The Royal Netherlands Air Force has taken delivery of its first MQ-9 Reaper unmanned aerial system (UAS), following a series of acceptance flights.
The first of overall four systems was jointly inspected by US and Dutch officials before it was handed over on February 2. The other Reapers are also set to undergo acceptance flights next week.
Once the process is completed, the Netherlands will base the UAS in the Dutch overseas territory of Curaçao. The defense ministry previously said that stationing the systems there would be less of an organizational challenge than in the Netherlands, due to the abundance of airspace. The operational test and evaluation program will be completed from Hato Airport.
Following the trials phase, the Reapers will support the Commander of the Caribbean Sea Forces and the Caribbean Coast Guard.
Netherlands ordered four MQ-9 Reaper Block 5 UAS from the US in July 2018. The US State Department previously approved the sale in 2015, in a deal that had an estimated value of $339 million. The signed deal also included four ground stations.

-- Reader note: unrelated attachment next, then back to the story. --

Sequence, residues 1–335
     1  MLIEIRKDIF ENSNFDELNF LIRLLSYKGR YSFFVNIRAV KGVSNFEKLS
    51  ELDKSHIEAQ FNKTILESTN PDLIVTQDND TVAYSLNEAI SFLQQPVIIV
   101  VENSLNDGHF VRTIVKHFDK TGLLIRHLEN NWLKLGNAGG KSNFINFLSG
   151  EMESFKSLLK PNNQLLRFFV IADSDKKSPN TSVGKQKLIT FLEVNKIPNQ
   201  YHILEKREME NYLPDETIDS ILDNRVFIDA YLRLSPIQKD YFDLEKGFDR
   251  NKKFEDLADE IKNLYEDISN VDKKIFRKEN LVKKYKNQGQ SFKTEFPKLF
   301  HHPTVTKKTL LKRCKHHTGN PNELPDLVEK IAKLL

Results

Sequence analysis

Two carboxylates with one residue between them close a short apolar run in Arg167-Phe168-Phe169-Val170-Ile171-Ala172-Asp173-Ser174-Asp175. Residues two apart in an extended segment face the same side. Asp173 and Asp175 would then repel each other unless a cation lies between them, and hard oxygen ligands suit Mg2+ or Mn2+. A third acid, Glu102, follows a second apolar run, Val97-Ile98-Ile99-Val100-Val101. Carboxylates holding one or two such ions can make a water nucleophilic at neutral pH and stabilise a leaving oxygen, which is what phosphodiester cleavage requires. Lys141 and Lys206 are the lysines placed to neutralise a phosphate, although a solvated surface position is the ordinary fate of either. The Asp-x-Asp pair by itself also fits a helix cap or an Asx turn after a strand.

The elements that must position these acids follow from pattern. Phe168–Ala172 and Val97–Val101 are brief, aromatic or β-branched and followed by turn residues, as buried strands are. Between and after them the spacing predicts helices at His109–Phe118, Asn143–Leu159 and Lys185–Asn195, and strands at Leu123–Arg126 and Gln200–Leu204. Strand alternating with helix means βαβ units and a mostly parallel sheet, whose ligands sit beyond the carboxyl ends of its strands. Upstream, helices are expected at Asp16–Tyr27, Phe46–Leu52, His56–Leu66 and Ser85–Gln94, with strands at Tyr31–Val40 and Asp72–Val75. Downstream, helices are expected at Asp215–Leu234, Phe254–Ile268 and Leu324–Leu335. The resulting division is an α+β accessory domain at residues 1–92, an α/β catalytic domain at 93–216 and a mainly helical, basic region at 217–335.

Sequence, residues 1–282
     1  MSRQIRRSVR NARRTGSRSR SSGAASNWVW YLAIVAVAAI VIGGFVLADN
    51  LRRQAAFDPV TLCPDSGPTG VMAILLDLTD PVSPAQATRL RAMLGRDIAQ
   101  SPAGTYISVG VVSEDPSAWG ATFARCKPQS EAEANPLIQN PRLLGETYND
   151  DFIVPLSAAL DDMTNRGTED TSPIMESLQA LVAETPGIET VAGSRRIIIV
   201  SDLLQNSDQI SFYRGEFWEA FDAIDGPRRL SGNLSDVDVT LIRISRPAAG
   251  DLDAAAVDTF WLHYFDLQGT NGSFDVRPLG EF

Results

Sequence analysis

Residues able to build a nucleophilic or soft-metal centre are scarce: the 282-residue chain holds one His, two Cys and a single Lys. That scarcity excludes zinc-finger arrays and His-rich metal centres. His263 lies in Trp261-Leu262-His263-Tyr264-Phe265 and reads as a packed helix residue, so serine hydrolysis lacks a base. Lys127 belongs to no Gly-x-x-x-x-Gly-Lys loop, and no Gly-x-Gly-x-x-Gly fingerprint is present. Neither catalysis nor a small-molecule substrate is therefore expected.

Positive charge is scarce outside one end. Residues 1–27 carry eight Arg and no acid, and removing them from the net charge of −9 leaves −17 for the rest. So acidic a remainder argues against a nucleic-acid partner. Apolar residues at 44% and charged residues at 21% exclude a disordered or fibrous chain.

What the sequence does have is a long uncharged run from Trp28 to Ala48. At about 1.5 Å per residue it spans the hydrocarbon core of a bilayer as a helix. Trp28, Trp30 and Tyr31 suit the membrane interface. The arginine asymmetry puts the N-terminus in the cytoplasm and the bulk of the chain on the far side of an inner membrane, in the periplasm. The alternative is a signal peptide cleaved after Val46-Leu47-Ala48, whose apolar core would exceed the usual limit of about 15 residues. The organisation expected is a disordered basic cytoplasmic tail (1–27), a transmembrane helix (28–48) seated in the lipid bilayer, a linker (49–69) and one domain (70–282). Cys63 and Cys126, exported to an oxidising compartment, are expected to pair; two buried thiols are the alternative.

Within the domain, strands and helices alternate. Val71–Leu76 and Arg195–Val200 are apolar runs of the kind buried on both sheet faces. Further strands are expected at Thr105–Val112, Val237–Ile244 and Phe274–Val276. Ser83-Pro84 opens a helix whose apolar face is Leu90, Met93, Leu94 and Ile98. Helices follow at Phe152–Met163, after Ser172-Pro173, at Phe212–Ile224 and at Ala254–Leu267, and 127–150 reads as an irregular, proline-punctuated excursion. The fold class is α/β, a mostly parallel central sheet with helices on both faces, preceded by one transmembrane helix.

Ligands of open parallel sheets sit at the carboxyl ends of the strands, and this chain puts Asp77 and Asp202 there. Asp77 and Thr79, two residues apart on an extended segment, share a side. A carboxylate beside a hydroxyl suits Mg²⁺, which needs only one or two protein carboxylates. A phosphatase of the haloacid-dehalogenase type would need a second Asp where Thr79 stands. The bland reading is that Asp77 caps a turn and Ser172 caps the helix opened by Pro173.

The multi-mission MQ-9 Reaper medium altitude, long-endurance (MALE) UAS has up to 26 hours of flight endurance and carries HD-video sensors (optical and IR), ground-imaging/MTI/maritime radar, and other surveillance sensors. The aircraft features an extensive payload capacity (386 kg internally, 1361 kg externally), with a maximum altitude of 45,000 feet/13,700 meters.